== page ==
Book Review: The Russian Revolution by Abraham Ascher

LeftCentral Book Review  

This is short book with a long reach; it begins by outlining developments before October 1917, ending with the demise of the Soviet Union.  There is even a contemporary reference to Vladimir Putin – all achieved in less than 200 pages. Of course what is important is not what is covered but what is discovered by the reader and there is much to learn in this beginners guide.

The Russian revolution of October 1917 took place in a country that had not yet reached the appropriate stage of economic development, necessary for such a Marxist transformation.  This lacuna in economic development, required a Leninist push in a revolutionary direction encapsulated in his promise of Bread, Land and Peace and all power to the Soviets. Russia was an autocracy, with a tiny (though emerging) industrial working class, in a predominately agrarian peasant country.  Read more of this post

Advertisements

A Review: The Culture Show – The Art of Boxing

LeftCentral Review

Image © National Library of Ireland on The Commons

“Where did that thread of steel come from?…it came from the way you learnt to bite down on your gum shield and stick out your weary jab.  In your darkest hour, you will discover that you are better than you ever knew and it would be because you boxed”.  Tony Parsons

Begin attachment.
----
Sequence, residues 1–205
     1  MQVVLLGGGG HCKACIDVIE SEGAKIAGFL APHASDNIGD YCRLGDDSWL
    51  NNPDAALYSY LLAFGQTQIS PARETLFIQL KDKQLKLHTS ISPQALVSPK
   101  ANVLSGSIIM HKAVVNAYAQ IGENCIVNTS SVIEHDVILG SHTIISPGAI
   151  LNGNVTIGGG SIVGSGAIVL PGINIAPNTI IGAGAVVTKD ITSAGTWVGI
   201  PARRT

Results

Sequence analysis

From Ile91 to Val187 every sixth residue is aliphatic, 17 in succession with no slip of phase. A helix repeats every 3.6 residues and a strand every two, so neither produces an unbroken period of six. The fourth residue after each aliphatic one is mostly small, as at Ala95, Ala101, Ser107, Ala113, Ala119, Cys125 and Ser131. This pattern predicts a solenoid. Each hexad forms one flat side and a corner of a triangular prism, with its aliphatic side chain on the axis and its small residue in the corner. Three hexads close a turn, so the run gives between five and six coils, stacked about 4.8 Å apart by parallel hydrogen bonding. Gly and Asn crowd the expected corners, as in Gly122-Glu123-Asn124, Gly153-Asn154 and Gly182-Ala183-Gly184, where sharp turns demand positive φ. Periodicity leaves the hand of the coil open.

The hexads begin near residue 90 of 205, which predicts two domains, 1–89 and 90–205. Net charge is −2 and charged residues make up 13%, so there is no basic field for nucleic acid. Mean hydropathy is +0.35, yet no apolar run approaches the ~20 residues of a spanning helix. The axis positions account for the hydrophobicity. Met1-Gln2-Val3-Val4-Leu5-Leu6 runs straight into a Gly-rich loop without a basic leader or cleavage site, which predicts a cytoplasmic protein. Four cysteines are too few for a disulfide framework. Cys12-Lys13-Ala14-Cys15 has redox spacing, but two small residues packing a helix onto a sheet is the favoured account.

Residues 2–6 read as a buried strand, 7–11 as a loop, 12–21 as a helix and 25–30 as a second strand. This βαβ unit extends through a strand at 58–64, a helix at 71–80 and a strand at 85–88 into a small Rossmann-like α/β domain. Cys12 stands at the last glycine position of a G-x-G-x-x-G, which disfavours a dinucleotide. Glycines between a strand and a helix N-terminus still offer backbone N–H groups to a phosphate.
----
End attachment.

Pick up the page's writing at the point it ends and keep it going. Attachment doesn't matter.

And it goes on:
An economic downturn unfortunately tends to coincide with an interest in professional boxing.  And in this the era of food banks and retrenchment, the cliché of the `hungry fighter` is a haggard though apt one.  And the distinction between the amateur and the professional code is a crucial one – although this issue was not explored by Tony Parsons in his review of the noble art.  The economic and ideological features of boxing evident when one looks at Cuba, the world`s leading amateur boxing nation and a country where professional boxing is banned.  Read more of this post

LeftCentral interview with Professor Jonathan Rose

LeftCentral 

“I do not want to impair the vigour of competition, but we can do much to mitigate the causes of failure.  We want to draw a line below which we will not allow persons to live and labour, yet above which they may compete with all their strength of their manhood.  We do not want to pull down the structure of science and civilisation – but to spread a net above the abyss.”  Winston Churchill, January 1906

Jonathan Rose is William R. Kenan Jr Professor of History at Drew University. His 2001 book for Yale, The Intellectual Life of the British Working Classes, was winner of many prizes including the Jacques Barzun Prize in Cultural History and was named a Book of the Year by The Economist magazine. Professor Jonathan Rose has kindly agreed to answer a few questions about his forthcoming publication, The Literary Churchill: Author, Reader, ActorRead more of this post